According to recent review study published online in the Journal of the American Academy of Dermatology (November 25, 2013), several botanical ingredients have shown effectiveness in the treatment of epidermal-confined hyperpigmentation, and consistently improved epidermal melasma, subclinical photoaging and acute pigmentation induced by UV exposure.
Whitney A. Fisk, et al, of the University of California –Davis, School of Medicine, reviewed 26 studies in MEDLINE and Embase databases. Search terms included “phytotherapy, plant medicinal product, herbal medicine, hyperpigmentation, complementary therapy” and “melasma.”
The studies revealed that superficial hyperpigmentation and epidermal melasma—induced by ultraviolet radiation exposure—were effectively lightened by plant extracts and phytochemicals. However, treatment for solar lentigines or dermal hyperpigmentation had mixed results.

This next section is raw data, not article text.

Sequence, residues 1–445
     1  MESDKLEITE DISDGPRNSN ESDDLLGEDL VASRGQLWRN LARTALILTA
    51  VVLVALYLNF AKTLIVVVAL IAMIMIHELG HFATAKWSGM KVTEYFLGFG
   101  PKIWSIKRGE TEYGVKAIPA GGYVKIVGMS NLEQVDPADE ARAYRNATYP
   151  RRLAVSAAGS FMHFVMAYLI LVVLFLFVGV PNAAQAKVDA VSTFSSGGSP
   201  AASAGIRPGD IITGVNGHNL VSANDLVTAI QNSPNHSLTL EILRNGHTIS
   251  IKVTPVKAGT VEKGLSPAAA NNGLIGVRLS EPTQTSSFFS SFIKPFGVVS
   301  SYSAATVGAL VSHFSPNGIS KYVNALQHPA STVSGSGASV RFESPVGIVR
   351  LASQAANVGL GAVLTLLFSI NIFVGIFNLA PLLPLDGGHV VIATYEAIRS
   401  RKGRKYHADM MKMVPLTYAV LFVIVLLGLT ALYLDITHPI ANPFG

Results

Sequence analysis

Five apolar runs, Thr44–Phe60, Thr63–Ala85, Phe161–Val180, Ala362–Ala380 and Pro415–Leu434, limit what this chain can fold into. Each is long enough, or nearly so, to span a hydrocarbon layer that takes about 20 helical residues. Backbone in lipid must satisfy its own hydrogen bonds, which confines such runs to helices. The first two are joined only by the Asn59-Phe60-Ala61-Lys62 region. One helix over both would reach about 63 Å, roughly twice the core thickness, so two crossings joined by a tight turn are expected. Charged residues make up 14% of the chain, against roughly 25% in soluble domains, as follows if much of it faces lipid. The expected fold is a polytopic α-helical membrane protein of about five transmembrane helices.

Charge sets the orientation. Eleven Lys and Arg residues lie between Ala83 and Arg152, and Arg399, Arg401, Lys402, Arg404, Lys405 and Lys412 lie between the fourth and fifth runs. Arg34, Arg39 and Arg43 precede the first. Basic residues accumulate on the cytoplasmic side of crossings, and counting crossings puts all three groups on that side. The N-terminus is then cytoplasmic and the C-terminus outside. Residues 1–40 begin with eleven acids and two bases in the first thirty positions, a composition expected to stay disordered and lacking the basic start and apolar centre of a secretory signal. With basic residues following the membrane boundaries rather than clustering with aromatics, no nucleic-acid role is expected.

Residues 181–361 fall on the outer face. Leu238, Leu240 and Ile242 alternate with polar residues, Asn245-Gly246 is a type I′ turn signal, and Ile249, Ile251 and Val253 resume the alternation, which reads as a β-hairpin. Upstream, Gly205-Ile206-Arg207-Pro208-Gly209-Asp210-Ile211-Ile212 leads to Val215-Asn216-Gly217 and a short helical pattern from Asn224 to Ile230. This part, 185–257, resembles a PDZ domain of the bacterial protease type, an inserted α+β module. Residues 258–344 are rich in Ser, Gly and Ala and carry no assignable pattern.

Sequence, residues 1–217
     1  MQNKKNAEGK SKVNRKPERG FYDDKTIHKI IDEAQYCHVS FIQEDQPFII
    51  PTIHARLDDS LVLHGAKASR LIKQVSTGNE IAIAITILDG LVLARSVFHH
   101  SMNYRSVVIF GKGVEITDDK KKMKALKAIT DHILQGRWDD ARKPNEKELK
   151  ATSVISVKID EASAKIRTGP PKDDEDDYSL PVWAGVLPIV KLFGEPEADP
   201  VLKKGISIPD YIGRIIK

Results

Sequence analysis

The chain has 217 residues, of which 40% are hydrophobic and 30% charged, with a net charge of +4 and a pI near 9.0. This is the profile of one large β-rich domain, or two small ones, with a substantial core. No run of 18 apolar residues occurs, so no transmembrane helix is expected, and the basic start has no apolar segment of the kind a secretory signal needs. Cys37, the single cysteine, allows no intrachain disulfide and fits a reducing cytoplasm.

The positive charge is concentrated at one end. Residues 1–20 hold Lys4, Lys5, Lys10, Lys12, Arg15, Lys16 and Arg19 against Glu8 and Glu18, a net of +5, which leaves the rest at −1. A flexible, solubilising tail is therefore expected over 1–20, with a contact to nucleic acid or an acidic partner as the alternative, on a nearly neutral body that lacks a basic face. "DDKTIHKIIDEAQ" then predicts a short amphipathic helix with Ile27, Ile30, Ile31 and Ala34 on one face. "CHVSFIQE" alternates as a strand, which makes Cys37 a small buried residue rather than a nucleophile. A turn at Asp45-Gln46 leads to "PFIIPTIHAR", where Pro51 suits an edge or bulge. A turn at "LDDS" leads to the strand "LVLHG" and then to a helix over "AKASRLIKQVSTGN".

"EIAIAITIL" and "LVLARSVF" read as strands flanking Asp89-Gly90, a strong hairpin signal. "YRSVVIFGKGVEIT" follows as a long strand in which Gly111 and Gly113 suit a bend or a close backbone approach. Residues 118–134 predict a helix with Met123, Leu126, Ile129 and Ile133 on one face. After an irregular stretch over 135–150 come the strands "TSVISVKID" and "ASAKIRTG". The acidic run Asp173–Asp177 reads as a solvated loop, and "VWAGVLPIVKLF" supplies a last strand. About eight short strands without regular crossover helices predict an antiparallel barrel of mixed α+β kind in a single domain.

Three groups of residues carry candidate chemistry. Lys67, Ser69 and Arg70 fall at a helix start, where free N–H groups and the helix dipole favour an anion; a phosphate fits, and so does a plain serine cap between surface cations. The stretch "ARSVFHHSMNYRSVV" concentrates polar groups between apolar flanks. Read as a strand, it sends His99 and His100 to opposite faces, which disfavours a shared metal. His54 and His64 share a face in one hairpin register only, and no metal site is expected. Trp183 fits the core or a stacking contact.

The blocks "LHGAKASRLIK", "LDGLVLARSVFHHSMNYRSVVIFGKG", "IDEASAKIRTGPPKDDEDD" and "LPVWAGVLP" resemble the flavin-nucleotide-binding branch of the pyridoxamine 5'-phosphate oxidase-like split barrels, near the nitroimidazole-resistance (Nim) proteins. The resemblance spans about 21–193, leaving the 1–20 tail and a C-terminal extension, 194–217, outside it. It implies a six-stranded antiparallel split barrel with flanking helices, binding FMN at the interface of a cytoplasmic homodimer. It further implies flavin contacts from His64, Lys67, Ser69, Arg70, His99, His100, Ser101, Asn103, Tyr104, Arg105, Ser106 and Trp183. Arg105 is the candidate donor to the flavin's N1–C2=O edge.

The botanical ingredients that showed the highest efficacy in lightening epidermal hyperpigmentation included licorice root, antioxidants and soy extract. In addition, several botanicals, including glechoma hederacea and soy extract helped to prevent hyperpigmentation due to their antioxidant and anti-inflammatory effects. “Thus, some botanicals may be more appropriately used as preventive, rather than therapeutic, agents,” wrote the authors, who noted that the lack of rigorously designed studies was a limitation and future research is needed.
“Dermatologists should be aware of the evidence to support or avoid the use of botanically derived products in the treatment of hyperpigmentation,” the researchers concluded. “Assessment of the subtype and the depth of hyperpigmentation are critical in determining the success of treatment, regardless of whether this includes standard or botanical therapies…all patients should be counseled on the importance of … sun-protective habits, as this is the cornerstone to any treatment regimen against hyperpigmentation.”
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